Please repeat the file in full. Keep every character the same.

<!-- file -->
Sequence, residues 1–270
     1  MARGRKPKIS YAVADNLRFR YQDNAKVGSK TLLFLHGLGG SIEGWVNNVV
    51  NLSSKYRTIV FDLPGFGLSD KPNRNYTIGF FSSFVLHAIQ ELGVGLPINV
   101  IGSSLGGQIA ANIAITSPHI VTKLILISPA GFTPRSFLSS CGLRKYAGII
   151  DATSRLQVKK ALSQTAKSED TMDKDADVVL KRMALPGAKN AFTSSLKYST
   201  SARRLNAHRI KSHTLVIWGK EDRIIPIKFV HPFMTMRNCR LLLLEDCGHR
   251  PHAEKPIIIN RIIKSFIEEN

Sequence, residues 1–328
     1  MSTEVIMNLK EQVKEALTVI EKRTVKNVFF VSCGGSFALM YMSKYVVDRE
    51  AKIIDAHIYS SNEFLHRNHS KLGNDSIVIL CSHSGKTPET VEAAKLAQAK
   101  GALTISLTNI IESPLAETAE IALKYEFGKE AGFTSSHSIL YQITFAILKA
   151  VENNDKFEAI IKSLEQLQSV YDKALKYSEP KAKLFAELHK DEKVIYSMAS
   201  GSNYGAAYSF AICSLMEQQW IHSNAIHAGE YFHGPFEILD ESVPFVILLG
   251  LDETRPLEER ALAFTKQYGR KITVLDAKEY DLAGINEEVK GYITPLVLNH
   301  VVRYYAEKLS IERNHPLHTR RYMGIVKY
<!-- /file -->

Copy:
Sequence, residues 1–270
     1  MARGRKPKIS YAVADNLRFR YQDNAKVGSK TLLFLHGLGG SIEGWVNNVV
    51  NLSSKYRTIV FDLPGFGLSD KPNRNYTIGF FSSFVLHAIQ ELGVGLPINV
   101  IGSSLGGQIA ANIAITSPHI VTKLILISPA GFTPRSFLSS CGLRKYAGII
   151  DATSRLQVKK ALSQTAKSED TMDKDADVVL KRMALPGAKN AFTSSLKYST
   201  SARRLNAHRI KSHTLVIWGK EDRIIPIKFV HPFMTMRNCR LLLLEDCGHR
   251  PHAEKPIIIN RIIKSFIEEN

Sequence, residues 1–328
     1  MSTEVIMNLK EQVKEALTVI EKRTVKNVFF VSCGGSFALM YMSKYVVDRE
    51  AKIIDAHIYS SNEFLHRNHS KLGNDSIVIL CSHSGKTPET VEAAKLAQAK
   101  GALTISLTNI IESPLAETAE IALKYEFGKE AGFTSSHSIL YQITFAILKA
   151  VENNDKFEAI IKSLEQLQSV YDKALKYSEP KAKLFAELHK DEKVIYSMAS
   201  GSNYGAAYSF AICSLMEQQW IHSNAIHAGE YFHGPFEILD ESVPFVILLG
   251  LDETRPLEER ALAFTKQYGR KITVLDAKEY DLAGINEEVK GYITPLVLNH
   301  VVRYYAEKLS IERNHPLHTR RYMGIVKY